An extent is a group of contiguous pages. With the default configuration, an extent is 1MB and contains 64 pages. When InnoDB prefetches data using read-ahead feature, it loads an entire extent into the buffer pool.
This is where the data is stored. Internally it is organized as a B+Tree sorted by the primary key. It can be known also as the primary index. Leaf nodes are pages that contain table rows.
This is the structure that stores indexes other than the primary key. It is organized as a B+Tree sorted by the index value which makes them useful to find range values for example. This property helps to make
ORDER BY and
GROUP BY faster too.
When you declare a field with db_index=True, a secondary index is built to store field values:
field1 = models.IntegerField(default=0, db_index=True)
Or when creating a compound index:
index_together = ["pub_date", "deadline"]
Unique fields will create a secondary index as well:
field1 = models.CharField(max_length=5)
field2 = models.CharField(max_length=10)
unique_together = (("field1", "field2"),)
Foreign keys also act the same in InnoDB:
my_model = models.ForeignKey(OtherModel, on_delete=models.CASCADE)
Leaf nodes contain index value and the primary key of the associated row. The primary key helps to find the row in the Clustered index.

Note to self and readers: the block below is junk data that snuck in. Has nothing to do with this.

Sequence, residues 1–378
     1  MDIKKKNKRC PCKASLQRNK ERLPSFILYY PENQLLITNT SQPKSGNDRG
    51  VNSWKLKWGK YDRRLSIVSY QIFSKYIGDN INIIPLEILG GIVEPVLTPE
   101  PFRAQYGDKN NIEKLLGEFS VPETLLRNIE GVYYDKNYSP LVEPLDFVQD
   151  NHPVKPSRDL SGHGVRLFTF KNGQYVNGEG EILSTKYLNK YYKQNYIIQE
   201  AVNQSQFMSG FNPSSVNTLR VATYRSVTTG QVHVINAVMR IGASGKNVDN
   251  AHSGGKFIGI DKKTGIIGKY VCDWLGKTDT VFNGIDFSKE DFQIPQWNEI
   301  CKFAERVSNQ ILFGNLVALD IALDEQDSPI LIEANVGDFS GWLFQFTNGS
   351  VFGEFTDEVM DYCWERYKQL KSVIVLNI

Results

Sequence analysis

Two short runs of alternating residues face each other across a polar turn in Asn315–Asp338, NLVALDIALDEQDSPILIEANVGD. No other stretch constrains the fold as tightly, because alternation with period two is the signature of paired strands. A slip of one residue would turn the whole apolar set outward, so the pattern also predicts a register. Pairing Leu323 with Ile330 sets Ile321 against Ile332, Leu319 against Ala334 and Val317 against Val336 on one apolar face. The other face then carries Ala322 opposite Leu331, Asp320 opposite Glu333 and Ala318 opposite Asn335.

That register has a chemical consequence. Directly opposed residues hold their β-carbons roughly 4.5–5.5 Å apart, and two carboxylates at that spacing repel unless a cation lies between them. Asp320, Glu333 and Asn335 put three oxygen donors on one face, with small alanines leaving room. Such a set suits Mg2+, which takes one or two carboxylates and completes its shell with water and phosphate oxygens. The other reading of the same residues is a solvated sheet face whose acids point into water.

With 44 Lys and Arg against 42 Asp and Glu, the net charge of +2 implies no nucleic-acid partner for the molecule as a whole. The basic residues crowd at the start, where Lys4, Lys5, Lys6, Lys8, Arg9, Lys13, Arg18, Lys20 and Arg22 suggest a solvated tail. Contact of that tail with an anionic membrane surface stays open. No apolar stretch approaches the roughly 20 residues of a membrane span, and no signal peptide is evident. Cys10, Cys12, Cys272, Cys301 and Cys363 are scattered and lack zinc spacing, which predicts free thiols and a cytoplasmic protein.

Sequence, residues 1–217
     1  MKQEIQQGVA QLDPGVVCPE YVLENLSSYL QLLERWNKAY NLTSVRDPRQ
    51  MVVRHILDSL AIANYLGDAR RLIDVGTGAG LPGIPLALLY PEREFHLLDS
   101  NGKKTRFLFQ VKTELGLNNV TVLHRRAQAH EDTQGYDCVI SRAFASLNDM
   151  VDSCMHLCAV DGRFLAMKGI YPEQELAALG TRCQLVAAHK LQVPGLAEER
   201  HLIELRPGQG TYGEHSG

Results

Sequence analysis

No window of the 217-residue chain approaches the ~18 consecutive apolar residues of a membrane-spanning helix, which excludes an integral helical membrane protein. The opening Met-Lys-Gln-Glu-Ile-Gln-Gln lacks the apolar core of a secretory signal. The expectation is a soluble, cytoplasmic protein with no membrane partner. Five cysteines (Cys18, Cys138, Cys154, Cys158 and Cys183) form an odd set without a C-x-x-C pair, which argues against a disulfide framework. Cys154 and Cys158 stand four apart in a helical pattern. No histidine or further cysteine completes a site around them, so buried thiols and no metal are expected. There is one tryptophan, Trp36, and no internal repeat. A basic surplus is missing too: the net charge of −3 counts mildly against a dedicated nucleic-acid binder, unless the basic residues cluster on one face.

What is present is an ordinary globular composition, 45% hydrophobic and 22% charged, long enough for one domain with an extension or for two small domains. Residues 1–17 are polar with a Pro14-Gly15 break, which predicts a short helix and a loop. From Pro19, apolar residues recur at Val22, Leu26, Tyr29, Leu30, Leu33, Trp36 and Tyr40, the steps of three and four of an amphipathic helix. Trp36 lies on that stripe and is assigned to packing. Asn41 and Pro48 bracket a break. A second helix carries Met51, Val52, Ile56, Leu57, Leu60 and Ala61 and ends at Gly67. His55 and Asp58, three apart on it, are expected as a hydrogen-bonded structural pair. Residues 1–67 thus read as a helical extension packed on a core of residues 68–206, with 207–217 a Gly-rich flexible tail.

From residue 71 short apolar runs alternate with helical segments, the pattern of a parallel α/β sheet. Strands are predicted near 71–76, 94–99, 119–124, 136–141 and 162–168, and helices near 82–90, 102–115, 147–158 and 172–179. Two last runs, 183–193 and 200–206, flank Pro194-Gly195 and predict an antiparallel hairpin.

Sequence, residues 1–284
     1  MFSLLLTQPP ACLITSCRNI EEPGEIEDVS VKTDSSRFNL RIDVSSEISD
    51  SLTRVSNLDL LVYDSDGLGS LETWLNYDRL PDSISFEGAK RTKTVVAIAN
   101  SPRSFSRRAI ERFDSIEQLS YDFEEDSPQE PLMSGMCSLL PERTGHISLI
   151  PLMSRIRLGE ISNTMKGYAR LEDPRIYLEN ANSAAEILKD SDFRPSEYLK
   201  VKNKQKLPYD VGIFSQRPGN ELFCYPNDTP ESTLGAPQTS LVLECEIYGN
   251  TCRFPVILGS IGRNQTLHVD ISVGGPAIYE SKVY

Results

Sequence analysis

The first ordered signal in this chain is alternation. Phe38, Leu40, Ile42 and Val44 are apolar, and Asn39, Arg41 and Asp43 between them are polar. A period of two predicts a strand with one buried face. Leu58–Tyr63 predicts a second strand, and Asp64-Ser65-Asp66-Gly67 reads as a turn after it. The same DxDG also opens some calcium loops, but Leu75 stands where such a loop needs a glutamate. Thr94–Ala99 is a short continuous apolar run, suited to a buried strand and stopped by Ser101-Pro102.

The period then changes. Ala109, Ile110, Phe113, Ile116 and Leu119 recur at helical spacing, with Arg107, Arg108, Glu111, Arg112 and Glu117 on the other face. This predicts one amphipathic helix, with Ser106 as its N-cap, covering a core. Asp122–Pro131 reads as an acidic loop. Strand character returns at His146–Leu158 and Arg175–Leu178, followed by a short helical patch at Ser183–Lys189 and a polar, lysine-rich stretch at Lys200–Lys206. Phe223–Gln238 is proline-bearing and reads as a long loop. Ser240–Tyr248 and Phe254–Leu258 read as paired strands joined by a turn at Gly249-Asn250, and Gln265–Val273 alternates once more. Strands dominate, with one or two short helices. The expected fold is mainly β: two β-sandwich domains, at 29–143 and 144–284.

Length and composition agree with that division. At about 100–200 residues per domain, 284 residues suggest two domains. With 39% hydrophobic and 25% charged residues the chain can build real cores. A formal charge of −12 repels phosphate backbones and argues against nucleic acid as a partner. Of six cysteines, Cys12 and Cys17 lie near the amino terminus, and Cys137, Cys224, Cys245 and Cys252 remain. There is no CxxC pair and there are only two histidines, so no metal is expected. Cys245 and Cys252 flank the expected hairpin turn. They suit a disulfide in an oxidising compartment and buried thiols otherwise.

To see the indexes of a specific table, you can run this query:
SHOW INDEXES FROM table_name;
InnoDB Row format
InnoDB row format determines how clustered index rows will be physically organized on disk. Until MySQL 5.7.8, the default InnoDB row format was COMPACT and in the latest MySQL versions, the default row format is DYNAMIC. The main difference between COMPACT and DYNAMIC is how they store variable-length fields such as
VARCHAR and TEXT are considered as variable-length fields because on disk it will only allocate the size of the written data and not the field max length.
- When you declare a CHAR(300) field, it will allocate 300 bytes on disk even if you write a single character into it.
- If you have a VARCHAR(300) field and you write only a single character, it will allocate 3bytes: 2 bytes to store the size and 1 byte to store the character. In Django,
CharFieldis translated into VARCHAR.
In the clustered index, data is stored within the page. We have seen previously that a row has a fixed size. So what happens when the size of a column exceeds the 8kb limit? Let’s take this example:
field1 = models.CharField(max_length=5000)
field2 = models.CharField(max_length=5000)
field3 = models.CharField(max_length=1000)
field4 = models.IntegerField(default=0)
Each row of